I didn't even want to bother after reading about everyone else's trouble reaching them, but I had at least one machine which was stuck in a loop - couldn't remove Sophos Endpoint Protection, couldn't re-install it, wasn't working properly, Windows Installer kept trying to re-install the auto-update thing every few minutes, ugh.
I finally got someone on the line 10 minutes after the UK call center started taking calls from the pitifully overloaded Australian call-center. I've been working on this since ~18:00-19:00 PDT, it's now 02:44 9/20 and still waiting to get a response to my diagnostic report sent to them 40 minutes ago.
I was wondering what was going to happen to Sophos after they got bought by some investor group a couple years back. Perhaps this is our answer.
New Ubuntu Linux release name
I think Richard Chirgwin just coined the name for the next release of Ubuntu Linux. ;-)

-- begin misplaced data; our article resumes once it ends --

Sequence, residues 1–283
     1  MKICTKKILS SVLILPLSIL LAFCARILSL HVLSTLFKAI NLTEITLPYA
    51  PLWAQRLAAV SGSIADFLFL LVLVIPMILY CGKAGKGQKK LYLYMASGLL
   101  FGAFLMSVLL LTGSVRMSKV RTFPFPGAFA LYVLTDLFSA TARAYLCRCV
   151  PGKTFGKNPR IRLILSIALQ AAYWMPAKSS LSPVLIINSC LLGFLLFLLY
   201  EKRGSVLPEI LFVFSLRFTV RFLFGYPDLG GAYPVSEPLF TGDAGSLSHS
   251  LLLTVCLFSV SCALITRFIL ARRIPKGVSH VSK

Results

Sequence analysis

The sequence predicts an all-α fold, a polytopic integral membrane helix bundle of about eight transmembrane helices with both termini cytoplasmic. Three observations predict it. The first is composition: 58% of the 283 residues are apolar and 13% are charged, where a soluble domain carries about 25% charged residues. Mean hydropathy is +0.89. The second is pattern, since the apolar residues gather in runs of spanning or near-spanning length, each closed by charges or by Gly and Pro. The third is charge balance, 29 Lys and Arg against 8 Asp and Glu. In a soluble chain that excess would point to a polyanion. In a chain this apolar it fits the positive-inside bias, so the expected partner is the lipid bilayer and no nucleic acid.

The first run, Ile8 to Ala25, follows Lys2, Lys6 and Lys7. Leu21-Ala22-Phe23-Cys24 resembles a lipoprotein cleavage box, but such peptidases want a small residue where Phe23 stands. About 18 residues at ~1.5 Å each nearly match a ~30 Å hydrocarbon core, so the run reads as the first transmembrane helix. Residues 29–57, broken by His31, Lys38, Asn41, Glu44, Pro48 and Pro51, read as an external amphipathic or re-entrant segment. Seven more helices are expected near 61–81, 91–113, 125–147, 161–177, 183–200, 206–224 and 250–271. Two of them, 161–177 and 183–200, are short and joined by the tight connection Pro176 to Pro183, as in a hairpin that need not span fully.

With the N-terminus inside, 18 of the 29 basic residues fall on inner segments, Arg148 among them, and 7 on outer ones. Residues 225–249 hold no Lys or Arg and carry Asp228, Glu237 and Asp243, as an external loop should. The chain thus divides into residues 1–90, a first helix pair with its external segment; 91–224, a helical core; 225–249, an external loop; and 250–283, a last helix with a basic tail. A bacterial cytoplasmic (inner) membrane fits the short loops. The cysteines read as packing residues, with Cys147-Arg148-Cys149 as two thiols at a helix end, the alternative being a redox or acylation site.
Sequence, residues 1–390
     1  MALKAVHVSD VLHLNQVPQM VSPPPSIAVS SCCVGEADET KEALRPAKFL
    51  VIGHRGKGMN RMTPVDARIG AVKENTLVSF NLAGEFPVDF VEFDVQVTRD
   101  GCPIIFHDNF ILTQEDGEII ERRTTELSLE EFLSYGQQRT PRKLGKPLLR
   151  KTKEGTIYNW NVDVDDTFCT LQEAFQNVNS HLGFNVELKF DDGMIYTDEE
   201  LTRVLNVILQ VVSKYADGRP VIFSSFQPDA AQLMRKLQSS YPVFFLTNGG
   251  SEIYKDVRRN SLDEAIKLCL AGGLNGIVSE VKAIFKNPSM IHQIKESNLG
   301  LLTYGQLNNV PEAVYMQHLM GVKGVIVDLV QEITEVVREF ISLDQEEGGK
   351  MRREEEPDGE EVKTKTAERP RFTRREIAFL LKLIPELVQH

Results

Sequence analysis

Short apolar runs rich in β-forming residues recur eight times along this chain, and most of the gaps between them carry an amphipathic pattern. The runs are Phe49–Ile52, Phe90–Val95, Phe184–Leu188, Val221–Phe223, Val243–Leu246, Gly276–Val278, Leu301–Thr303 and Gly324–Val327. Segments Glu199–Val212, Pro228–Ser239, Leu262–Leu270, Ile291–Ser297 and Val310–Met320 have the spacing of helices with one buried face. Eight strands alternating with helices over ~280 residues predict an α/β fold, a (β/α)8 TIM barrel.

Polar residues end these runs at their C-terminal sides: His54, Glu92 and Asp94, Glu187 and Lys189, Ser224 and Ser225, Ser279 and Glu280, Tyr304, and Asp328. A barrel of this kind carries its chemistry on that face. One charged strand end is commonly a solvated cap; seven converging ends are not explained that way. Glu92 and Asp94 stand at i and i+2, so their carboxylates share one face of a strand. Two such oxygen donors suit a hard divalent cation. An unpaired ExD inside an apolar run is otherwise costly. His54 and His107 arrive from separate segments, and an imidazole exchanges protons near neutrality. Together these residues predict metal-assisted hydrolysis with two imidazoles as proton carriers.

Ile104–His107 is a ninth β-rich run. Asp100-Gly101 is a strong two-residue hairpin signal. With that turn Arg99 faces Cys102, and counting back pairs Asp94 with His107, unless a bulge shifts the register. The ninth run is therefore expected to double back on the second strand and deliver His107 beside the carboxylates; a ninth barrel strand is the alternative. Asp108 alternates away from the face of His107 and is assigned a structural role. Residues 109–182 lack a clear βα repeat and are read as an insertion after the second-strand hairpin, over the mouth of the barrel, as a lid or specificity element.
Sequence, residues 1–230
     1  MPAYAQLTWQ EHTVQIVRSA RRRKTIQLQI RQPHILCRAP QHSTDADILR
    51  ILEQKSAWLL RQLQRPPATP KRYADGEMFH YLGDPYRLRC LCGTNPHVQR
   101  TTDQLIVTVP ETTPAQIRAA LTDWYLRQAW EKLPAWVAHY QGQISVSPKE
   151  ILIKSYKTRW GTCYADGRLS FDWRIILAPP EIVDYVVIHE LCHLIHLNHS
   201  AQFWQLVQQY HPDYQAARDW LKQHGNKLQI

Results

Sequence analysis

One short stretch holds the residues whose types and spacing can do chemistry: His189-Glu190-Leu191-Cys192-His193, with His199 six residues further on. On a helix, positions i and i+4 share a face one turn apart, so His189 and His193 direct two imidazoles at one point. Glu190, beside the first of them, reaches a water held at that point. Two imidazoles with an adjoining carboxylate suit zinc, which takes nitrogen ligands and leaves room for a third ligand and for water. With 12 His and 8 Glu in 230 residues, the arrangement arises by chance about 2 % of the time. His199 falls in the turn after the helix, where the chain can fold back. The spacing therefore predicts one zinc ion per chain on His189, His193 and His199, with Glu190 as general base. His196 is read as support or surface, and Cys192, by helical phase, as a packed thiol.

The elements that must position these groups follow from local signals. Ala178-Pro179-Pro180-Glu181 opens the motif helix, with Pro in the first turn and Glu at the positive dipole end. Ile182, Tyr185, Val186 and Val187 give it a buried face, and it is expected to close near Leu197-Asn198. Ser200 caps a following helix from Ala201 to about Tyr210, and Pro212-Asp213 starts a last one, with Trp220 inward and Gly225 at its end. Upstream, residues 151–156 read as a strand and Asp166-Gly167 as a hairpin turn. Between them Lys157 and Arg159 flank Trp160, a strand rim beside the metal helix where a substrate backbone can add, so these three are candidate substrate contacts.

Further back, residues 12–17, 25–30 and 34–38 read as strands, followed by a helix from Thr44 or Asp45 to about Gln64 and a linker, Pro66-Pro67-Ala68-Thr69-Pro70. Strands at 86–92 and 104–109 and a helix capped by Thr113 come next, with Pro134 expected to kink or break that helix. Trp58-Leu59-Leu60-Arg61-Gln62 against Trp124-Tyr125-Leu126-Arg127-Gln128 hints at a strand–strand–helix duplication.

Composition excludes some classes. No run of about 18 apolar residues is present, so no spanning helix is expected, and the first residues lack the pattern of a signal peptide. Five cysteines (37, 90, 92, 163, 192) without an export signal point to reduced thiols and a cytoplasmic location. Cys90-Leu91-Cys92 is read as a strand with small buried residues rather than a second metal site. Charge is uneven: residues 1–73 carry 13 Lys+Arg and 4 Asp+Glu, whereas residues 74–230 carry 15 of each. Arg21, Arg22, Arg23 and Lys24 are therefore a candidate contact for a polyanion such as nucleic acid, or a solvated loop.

@heyrick: re: how Chrome installs in the user data folder etc:
That is one of the main reasons I have avoided Chrome after my initial experiments with it.
From what I can tell, the primary reason that Google did that was to circumvent limited-user application installation restrictions. I think Google may have even admitted this directly.
In other words. places like businesses which don't want clueless users installing random junk on their PCs to keep them from screwing the company with malware, or bringing the 'net connection to its knees while they download DVD torrents, or uploading proprietary company secrets to Bulgaria - are to be sneered-at and Google wants to make it easier to do whatever the h*ll you want anyway.